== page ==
The example used was the EmergencyAUS app, which has been developed by Gridstone Pty Ltd.
As an app created by a commercial entity, EmergencyAUS aggregates emergency information released by a variety of state and federal agencies and presents it through a single interface.
Alongside this, Australian governments have also released mobile apps related to disasters and
At state level there's several emergency apps now available, but particularly notable is the Victorian Country Fire Association's CFA FireReady app.
This is available across all major mobile platforms and while it focuses on Victorian fire emergencies (including backburning), it also allows the public to take photos of emergencies and share them through the app. These photos can even be used by the CFA to help inform their staff regarding developing issues.
Essentially the commercial app and government apps are competing. They all aggregate information from openly released emergency and disaster data and all have a similar aim - to help inform Australians of critical events occurring near them or near their families and friends.
Generally governments in Australia take the position that they do not compete in providing services where commercial entities are prepared to do so. They essentially try to minimise where they compete with private enterprise.
So this example raises some clear issues. As government releases more data in reusable formats (open data), there are likely to be more commercial entities who use this data to create mobile apps or other services.
So should governments stop making apps for this data, and leave the field to commercial entities?
Should governments restrict themselves to apps for data that doesn't have commercial value?
Should governments continue to compete against private firms in creating apps?
To answer these questions I think it is vital for government to begin to think about mobile apps (and websites for that matter) as strategic assets and infrastructure rather than costs or PR tools.
Mobile apps as infrastructureGovernment built the telephone network in Australia because it was not commercially viable for a private player to invest in this type of infrastructure. We're now repeating this process with the NBN. We did the same with roads, electricity networks, water networks, the Commonwealth Bank, Qantas and other core infrastructure.
However past a certain point it became viable - even desirable - to sell some of this infrastructure to private concerns, with appropriate legal safeguards in place (such as foreign ownership in Qantas and Telstra's universal service obligation).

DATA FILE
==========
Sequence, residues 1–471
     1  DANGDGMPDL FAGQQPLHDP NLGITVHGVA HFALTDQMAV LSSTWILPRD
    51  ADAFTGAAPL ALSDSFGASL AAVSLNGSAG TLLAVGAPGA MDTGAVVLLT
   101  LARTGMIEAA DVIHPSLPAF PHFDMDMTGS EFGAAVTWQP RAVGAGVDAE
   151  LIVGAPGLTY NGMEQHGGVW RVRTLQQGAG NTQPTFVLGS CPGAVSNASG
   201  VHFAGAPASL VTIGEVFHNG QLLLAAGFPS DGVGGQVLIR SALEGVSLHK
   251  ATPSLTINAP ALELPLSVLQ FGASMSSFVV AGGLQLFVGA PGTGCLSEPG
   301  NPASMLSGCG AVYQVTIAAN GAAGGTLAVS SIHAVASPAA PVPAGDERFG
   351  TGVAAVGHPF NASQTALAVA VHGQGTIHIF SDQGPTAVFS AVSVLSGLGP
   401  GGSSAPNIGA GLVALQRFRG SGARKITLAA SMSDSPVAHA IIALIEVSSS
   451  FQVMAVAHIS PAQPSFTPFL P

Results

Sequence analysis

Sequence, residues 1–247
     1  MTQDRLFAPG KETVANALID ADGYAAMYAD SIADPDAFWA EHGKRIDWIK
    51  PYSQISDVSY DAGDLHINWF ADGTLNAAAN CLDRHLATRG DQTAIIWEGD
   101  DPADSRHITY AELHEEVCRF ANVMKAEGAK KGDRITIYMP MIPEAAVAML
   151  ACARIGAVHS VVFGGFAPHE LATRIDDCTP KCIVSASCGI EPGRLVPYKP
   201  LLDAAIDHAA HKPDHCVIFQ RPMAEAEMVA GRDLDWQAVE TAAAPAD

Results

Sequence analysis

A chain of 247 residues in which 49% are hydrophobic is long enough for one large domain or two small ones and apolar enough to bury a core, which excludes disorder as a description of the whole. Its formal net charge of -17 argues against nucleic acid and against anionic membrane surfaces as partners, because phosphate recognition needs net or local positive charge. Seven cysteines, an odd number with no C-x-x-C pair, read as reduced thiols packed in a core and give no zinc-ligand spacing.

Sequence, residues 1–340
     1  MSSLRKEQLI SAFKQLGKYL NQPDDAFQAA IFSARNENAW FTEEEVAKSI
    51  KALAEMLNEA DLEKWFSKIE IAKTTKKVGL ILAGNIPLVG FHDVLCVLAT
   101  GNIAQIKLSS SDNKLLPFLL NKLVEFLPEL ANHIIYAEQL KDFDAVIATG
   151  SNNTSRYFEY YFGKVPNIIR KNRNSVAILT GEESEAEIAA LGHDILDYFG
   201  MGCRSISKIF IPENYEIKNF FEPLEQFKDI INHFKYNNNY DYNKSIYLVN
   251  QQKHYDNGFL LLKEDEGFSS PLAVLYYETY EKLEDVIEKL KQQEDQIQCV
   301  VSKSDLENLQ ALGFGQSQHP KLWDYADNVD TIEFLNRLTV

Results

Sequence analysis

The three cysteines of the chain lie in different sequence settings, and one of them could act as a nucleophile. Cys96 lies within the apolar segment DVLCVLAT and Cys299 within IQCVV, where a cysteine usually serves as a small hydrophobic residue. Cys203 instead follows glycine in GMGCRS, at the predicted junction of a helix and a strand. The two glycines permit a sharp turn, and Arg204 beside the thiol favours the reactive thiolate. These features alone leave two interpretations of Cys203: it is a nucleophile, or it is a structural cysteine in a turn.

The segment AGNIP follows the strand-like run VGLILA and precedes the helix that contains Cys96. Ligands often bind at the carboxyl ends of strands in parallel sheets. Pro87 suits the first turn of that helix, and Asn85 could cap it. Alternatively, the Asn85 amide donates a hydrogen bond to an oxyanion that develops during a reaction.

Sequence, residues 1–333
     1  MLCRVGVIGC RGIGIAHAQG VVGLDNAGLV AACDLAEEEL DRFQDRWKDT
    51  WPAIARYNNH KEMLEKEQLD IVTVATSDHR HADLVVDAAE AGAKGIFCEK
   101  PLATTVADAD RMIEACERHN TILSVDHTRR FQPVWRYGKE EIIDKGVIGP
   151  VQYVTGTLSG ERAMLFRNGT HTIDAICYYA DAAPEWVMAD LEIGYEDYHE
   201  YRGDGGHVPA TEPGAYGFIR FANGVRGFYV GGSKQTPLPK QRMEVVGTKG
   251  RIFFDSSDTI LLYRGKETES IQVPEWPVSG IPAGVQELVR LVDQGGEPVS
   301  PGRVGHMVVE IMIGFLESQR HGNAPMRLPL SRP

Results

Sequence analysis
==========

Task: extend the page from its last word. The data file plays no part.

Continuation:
To develop some new infrastructure governments began looking at public private partnerships - such as toll roads and utilities such as ActewAGL (the ACT's electricity provider).
These have either taken the form of co-investment in development, and co-ownership in some fashion, or the form of complete private ownership, with the government simply providing incentives, support or ideas to the private sector.
Finally there's infrastructure that government has been totally hands-off during development - such as for mobile networks and for virtual infrastructure including search engines.
Mirroring these to mobile apps (or websites), there's five categories for government to consider:
- Critical - apps which governments consider core to its ongoing business and therefore both creates and maintains, retaining ownership on an indefinite basis (though commercial entities may create their own versions).
ie: Emergency management apps, train/tram/bus timetable apps
- Very important - apps which governments believe must be provided and will make, however are not critical for them to own on an ongoing basis, and therefore may sell to private concerns (with appropriate distribution and maintenance conditions and perhaps a 'resumption' clause if the private concern ceases development)
ie: Traffic or toilet map apps.
- Important - apps which governments prefer are developed, but are only prepared to partially invest in - via partial funding or other support or a partnership with private entities.
ie: Crime statistic/locations, parliamentary information or library/gallery works apps.
- Interesting - apps that governments find interesting, but not worth investing in. In this case they may release the ideas and data for the apps and leave up to private enterprise to develop - or not.
ie: Sports field locator or health information apps.
- Uninteresting - apps which government doesn't care (from a public benefit perspective) whether they are created or not and leave entirely to the private sector.
ie: most apps you'll find in app stores
Based on this model government agencies need to think about the criticality of a particular app to their core business and act accordingly, treating the apps as an infrastructure investment.